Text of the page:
Travel Tips: Travelling with Parkinson's Disease

For sufferers of Parkinson's Disease, travelling and going abroad, whether on holiday or on business, needs careful planning to take into account the unpredictable nature of the condition.

Having Parkinson's Disease should not prevent anyone from travelling abroad. Travelling with a companion is recommended, but not strictly necessary.

If you use a wheelchair or other mobility aids you should contact your airline in advance to ensure needs are known and arrangements are in place to assist you with boarding the plane, especially if you are travelling alone. With long walks to departure gates, and the necessary security and baggage checks, booking wheelchair assistance at the airport is advised, with priority boarding onto aircraft and passage through immigration. Always ask for an aisle seat on the aircraft, and one close to toilets.

Travelling by sea, whether by ferry or as a cruise passenger, should not present too many problems for a Parkinson's Disease sufferer. Lift access from car decks and between decks should be available, but check with the shipping line beforehand, and notify them of your condition and any mobility problems to ensure a suitable cabin is provided.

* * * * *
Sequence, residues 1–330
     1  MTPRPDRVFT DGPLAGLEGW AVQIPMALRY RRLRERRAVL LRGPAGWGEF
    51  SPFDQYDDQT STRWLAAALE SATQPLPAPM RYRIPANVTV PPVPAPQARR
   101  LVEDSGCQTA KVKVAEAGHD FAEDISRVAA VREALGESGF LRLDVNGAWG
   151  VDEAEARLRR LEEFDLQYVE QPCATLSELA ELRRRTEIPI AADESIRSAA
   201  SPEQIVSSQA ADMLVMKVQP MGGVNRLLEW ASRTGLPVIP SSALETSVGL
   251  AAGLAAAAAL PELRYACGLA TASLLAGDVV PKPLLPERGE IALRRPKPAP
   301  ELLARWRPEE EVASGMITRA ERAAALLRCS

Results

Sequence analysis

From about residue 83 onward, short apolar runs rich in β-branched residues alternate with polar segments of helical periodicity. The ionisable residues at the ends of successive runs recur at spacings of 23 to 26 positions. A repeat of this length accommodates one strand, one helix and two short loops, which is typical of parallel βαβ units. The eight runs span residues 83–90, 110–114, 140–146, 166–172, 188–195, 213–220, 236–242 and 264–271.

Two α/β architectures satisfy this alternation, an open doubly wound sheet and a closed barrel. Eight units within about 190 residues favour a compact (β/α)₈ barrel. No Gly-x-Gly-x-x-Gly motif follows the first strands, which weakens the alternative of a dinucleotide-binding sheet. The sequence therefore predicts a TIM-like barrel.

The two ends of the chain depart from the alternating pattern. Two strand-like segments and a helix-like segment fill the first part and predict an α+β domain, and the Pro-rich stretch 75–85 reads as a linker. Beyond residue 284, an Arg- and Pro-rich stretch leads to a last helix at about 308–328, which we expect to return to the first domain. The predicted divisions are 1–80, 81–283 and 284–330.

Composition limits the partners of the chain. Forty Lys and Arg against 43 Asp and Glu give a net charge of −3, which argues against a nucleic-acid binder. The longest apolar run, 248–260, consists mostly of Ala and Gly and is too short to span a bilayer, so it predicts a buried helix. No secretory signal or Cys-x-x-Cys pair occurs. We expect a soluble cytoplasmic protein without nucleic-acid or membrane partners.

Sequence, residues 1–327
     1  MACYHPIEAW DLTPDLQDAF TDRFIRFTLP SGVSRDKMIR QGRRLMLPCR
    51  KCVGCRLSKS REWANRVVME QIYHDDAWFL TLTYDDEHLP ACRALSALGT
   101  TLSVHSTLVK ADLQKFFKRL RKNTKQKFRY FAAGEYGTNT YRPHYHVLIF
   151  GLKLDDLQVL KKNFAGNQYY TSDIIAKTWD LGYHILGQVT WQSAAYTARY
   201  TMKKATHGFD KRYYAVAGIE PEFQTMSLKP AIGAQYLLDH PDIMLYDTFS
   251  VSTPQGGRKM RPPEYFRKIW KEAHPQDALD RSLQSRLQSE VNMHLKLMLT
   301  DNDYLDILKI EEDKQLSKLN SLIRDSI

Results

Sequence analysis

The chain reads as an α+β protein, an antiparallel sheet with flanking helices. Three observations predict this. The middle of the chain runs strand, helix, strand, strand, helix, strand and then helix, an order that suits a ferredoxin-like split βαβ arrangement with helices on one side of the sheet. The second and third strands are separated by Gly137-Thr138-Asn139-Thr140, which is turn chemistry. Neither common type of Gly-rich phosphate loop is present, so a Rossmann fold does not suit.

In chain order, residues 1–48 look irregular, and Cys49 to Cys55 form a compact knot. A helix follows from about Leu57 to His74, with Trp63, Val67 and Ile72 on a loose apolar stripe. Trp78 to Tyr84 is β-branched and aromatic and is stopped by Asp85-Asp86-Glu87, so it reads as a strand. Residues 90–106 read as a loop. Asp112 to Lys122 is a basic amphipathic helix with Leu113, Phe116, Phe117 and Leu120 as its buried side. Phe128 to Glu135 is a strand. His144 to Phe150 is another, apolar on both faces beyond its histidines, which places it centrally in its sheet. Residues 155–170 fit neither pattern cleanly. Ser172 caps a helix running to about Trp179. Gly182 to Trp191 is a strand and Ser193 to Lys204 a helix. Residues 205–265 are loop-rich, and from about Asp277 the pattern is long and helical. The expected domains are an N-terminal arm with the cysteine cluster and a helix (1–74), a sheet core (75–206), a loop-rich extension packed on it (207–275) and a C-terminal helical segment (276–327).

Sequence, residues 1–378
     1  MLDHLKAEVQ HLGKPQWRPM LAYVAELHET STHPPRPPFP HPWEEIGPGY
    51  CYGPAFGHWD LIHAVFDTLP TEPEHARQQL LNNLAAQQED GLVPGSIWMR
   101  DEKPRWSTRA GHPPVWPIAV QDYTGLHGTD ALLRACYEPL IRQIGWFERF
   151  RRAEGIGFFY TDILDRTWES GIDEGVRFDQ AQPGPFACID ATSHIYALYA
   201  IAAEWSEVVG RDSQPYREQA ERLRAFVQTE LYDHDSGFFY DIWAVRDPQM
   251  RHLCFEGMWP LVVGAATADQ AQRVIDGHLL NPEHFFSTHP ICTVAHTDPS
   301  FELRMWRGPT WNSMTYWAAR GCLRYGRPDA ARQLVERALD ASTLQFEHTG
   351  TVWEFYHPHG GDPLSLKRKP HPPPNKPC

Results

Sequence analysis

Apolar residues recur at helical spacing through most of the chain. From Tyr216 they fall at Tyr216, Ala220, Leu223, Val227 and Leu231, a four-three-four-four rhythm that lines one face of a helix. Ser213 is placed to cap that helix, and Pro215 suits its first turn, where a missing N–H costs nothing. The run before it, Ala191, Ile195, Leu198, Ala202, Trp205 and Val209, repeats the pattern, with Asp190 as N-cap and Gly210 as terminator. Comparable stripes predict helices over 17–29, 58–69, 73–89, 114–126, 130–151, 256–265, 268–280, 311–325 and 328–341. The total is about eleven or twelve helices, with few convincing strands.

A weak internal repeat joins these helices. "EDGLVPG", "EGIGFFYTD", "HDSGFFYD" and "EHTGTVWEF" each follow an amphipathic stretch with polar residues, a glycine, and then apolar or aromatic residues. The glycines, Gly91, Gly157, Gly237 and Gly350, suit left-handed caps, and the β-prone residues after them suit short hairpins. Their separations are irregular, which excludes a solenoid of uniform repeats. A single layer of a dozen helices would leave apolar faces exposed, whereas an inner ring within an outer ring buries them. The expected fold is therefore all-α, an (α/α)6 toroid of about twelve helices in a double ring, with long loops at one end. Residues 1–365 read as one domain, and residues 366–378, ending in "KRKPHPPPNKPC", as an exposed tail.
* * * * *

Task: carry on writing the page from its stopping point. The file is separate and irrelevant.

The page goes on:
Learning to say "I have Parkinson's Disease" in the language of your intended destination is advisable, especially if you are travelling alone.

Carrying a flexicard from the European Parkinson's Disease Society with “I have Parkinson's Disease. Please allow me time. In case of emergency, contact…” written in eight European languages, together with a letter from your GP detailing your medication and condition, is also advisable.

Medication should be kept in its original packaging and carried in your hand luggage, not placed into the hold of the aircraft in case your bag goes to another destination. Always take sufficient medication for the trip, and preferably enough for two trips to cover a prolonged stay if necessary. If you are prescribed controlled drugs for other conditions, or use syringes, notify the airline in advance. Most airlines will accept restricted medical items, but may ask that these are given to a flight attendant for storage until arrival at your destination airport.

Travel insurance and Parkinson's Disease

A diagnosis of Parkinson's Disease shouldn't stop you travelling, and it shouldn't stop you getting affordable travel insurance. specialise in covering all types of medical conditions, including Parkinson's.

When you get a quotation, whether online or by phone, you will be asked to declare any existing medical conditions, at this point you should declare Parkinson's disease and any other medical conditions for which you have received treatment, taken medication or seen a medical professional about in the last 2 years.

In the vast majority of cases travel insurance cover can be issued immediately giving you the reassurance that you are fully covered when you go abroad.

Find out more about travel insurance and medical conditions »